Frank Rich is pretty good this morning:
Obama has seemingly surrendered his once-considerable abilities to act, decide or think. That pay freeze made as little sense intellectually as it did politically. It will save the government a scant $5 billion over two years and will actually cost the recovery at least as much, since much of that $5 billion would have been spent on goods and services by federal workers with an average yearly income of $75,000. By contrast, the extension of the Bush tax cuts to the $250,000-plus income bracket will add $80 billion to the deficit in two years, much of which will just be banked by the wealthier beneficiaries.
And even MoDo is on target:
In two days of “don’t ask, don’t tell” hearings, senators discussed the knotty issue of whether gays and straights in the military could shower together without losing battles. Once again, the Democrats waited too long to close the deal, the president showed no leadership, and a campaign promise that was seen as a fait accompli now seems a casualty.
It is the storyline of the year, the incredible inept, tone-deaf and increasingly wimp decline of a presidency in crisis and the death of hope.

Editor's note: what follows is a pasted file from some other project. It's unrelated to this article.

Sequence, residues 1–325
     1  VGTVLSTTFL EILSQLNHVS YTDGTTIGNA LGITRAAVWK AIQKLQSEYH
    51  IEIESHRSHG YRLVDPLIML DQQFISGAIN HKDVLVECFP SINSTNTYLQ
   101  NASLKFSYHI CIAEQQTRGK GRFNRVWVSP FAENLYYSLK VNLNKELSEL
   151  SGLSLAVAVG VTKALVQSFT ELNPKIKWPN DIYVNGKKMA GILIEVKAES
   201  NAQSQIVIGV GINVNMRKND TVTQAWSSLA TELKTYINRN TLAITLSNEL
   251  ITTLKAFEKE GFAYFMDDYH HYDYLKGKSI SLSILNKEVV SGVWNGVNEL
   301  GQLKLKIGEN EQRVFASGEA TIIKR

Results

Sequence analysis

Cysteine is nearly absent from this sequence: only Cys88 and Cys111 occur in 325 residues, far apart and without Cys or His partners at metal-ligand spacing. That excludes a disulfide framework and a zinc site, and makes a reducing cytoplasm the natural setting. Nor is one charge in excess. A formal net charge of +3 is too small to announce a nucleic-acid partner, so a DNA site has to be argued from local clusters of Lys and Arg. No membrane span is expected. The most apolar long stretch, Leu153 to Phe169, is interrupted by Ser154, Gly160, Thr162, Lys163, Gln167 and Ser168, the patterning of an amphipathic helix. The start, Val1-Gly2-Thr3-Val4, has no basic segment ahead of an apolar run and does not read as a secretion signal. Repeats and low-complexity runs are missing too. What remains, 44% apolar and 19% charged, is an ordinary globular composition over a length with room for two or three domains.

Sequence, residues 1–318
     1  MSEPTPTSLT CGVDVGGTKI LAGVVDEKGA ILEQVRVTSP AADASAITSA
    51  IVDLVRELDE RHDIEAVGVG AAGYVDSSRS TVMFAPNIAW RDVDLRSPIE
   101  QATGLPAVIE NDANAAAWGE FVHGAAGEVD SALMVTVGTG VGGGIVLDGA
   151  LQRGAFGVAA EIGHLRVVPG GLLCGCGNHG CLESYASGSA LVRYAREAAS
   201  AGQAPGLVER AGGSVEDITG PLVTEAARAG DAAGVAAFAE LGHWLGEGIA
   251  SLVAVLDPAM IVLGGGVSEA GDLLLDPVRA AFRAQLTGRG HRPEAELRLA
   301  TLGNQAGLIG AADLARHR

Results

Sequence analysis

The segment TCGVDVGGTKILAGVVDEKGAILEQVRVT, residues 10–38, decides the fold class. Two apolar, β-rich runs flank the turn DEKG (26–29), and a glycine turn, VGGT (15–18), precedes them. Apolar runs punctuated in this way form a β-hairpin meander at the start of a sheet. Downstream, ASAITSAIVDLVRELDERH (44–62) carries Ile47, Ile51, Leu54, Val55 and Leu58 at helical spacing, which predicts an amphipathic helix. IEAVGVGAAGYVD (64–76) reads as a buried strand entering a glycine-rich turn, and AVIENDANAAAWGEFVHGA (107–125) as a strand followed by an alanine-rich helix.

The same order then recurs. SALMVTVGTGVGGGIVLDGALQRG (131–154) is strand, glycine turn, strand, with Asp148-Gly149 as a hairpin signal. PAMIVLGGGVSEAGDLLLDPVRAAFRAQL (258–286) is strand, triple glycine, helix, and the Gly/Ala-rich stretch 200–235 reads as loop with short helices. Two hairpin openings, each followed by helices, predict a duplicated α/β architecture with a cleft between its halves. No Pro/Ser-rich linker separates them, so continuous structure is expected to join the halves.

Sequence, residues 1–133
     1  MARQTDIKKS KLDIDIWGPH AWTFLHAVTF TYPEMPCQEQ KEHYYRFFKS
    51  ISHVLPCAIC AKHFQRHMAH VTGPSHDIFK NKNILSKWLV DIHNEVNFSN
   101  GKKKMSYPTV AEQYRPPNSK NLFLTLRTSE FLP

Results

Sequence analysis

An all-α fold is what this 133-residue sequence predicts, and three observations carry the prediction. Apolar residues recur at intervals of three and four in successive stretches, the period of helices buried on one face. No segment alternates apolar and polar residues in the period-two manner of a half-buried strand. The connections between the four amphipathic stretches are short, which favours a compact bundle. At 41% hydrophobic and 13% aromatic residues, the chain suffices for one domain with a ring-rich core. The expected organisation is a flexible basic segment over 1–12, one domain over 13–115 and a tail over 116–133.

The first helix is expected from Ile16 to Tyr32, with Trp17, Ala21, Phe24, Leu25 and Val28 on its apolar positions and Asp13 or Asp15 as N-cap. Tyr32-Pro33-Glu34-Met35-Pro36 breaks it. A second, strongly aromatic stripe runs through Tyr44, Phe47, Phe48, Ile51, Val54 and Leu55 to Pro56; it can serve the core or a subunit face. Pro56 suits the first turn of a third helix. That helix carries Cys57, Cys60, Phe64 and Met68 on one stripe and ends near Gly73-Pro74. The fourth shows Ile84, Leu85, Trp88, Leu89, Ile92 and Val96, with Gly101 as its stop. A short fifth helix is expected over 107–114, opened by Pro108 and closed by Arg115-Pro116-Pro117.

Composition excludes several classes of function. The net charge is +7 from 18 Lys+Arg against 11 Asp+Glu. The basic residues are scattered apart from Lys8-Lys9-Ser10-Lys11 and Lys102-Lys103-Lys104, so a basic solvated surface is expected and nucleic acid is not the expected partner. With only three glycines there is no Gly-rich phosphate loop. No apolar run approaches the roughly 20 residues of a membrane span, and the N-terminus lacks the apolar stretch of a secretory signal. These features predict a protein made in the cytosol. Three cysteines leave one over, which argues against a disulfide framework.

Rich coaches his argument in terms of the Stockholm Syndrome, the strange psychological condition under which prisoners begin to identify and sympathize with their captors and abusers. It’s certainly a reasonable explanation for the Presidents’s seeming capitulation at every turn on issues where all the evidence is that the public is on his side and not that of the right.
My own opinion, and I’ve held it for a long time, is that Barack Obama has an almost pathological fear of becoming a victim of the Angry Black Man syndrome and thus allowing his foes to paint him in a fashion sure to frighten a considerable portion of the electorate and to render him a caricature. But since they are doing that already, in new and different ways, why does it matter? That’s why I suggest the feeling is pathological rather than logical. The President’s upbringing and history suggest that he weaved his way through a world in which he was often a stranger, the “different,” by becoming a conciliator and someone who goes out of his way to see all sides of every issue (perhaps even when there are not really two sides). He’s still dancing with the one he brung to the dance and it’s not working.
Pop psych, admittedly, but I think that theory explains a lot. And I just hope to god he comes to grips with whatever demons he needs to and approaches the rest of his presidency with a different style. I do, an optimist at heart, keep alive a small glimmer of hope that he is playing some long game the rest of us do not yet see but it is just that, a glimmer.